Sort of off-topic, but so was this whole topic, and, besides, I don’t know when else I might bring this up.
When I was in High School, I helped run an underground paper...
…that we would print up and disseminate various ways (3 friends quietly writing articles until we had enough to release an issue completely sporadically), beginning with sliding issues into random locker vents (it wasn’t very thick, often 5 sheets or less of copypaper printed front and back and stapled in the corner, 10-14 pt font, we weren’t consistent) until the school grew wise to that. Unsurprising to anyway, the school was antagonistic to a paper over which they had no editorial control (our topic choices didn’t help endear us) and did everything they could to shut us down, which was the single most helpful thing they could have done for us. We surely would have fizzled out fairly quickly due to student apapthy (Extra reading? Beyond homework!?), but when students starting getting detentions for possessing a copy and the school started actively destroying copies when they had a chance, people began actively seeking them out. Some time later, some kind soul eventually scanned up many of the past issues and posted them online, which cenented things for us. We only needed to release a few dozen copies each time to guarantee at least one would end up online somewhere, from where it would spread to anyone else wanting to see it.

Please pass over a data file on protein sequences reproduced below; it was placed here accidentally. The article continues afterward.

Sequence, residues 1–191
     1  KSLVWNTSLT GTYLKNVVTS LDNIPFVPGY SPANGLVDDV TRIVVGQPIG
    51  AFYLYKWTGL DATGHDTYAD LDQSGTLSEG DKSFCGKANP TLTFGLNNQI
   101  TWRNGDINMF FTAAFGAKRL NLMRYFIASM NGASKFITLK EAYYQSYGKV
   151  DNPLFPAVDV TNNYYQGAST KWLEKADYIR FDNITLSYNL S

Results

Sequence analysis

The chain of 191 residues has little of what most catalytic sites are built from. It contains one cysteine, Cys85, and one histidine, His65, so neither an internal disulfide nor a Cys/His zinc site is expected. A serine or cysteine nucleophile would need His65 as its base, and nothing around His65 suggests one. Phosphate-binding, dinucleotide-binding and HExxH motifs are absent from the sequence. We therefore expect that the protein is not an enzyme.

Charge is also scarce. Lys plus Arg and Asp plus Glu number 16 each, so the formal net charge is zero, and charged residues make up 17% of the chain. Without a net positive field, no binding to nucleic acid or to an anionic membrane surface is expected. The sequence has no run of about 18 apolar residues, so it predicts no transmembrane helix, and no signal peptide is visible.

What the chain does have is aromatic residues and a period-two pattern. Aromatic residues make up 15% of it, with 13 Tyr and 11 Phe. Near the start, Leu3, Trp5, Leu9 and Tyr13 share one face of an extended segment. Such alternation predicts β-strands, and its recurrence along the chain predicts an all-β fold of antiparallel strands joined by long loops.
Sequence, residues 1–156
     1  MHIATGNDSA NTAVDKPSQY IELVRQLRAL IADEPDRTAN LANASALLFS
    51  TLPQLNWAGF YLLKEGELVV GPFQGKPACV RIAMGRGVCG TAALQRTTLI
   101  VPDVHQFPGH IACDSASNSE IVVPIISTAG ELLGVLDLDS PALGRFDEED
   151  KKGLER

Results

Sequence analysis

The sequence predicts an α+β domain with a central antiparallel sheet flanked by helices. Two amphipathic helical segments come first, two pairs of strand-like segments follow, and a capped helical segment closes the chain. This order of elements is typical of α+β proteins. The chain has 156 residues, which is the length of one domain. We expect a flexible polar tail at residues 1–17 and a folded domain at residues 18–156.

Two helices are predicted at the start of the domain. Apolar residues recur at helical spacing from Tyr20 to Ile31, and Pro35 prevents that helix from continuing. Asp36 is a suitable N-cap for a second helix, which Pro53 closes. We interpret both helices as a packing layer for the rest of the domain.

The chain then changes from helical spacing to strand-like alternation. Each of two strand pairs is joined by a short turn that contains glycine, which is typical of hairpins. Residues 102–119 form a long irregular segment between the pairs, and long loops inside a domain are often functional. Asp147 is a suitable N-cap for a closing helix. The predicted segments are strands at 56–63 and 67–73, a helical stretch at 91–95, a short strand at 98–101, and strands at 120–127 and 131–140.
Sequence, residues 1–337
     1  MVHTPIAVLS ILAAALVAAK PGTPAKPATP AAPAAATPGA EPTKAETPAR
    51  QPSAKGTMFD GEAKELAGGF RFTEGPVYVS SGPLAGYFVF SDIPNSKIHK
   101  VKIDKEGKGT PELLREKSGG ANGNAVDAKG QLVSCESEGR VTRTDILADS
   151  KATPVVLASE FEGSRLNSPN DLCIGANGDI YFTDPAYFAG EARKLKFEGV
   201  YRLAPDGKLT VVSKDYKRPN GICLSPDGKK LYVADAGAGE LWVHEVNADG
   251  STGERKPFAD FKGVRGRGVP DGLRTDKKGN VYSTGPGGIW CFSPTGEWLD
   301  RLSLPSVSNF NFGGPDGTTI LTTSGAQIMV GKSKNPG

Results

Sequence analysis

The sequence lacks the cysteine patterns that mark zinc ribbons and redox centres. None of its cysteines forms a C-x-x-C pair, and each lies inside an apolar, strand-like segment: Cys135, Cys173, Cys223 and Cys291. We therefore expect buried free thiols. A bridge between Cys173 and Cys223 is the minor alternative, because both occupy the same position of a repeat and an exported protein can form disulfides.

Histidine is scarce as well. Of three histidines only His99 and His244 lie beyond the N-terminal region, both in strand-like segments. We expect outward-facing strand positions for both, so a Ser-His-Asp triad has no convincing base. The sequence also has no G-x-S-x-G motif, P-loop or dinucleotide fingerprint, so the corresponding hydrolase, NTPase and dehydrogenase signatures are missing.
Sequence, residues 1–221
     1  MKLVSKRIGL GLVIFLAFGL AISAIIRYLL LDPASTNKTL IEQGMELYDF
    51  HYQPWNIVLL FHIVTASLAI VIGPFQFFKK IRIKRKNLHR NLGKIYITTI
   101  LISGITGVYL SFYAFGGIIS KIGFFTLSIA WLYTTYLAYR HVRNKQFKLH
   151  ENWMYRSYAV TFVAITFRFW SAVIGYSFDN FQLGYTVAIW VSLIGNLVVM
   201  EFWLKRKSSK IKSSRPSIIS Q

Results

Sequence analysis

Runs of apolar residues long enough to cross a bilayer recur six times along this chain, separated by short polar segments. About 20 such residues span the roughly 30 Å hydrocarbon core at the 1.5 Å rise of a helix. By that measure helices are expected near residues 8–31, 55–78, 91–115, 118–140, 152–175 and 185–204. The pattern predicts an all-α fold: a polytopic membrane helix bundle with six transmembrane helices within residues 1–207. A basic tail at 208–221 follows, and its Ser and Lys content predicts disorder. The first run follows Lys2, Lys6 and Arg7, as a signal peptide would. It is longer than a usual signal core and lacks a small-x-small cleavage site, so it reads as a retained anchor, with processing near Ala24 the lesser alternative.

Anyway, the paper was named The Silver Lining. We would always have an article, oftentimes short and campy, sometimes fictional, always tongue-in-cheek, headlining the first page. The premise being we’d spin a piece of terrible, often tragic, news in the most facetious manner possible, focusing almost entirely on an often comically disproportionate positive aspect, and treating the terrible news as an extraneous detail barely worth mentioning, effectively burying the lead (I suspect most teens are at least temporarily edgelords). An example might be, “Florida Man Shortens Commute” when the man had, in fact, become unemployed and was now homeless picking up cans. The article might continue it’s cheerfully tonedeaf coverage including quotes from the homeless man that directly contradicted the tone of the article, often lampooning the cartoonish incompetence of the reporter.
Sometimes we would cover actual school news (often taking digs at the painfully bad legitimate school paper by covering some of the same news) in this same fashion (One I remember was roughly "Free Study Period Afforded to Students " -when the school began giving detentions for first offense tardy students) or a few times we even went entirely fictional (I remember we made some sort of joke headline about Mordor when the last of the The Lord of the Rings movies came out).
Anyway, the paper stopped after we graduated (although I later heard about sporadic short-lived copycats) and we all went our separate ways, but I’ve always thought the concept might work as ad-supported online paper covering international news in the same way. It was certainly black humor, but it was still humor, and I’ve often since wondered if that might make some bits of news more palatable and less stressful to read.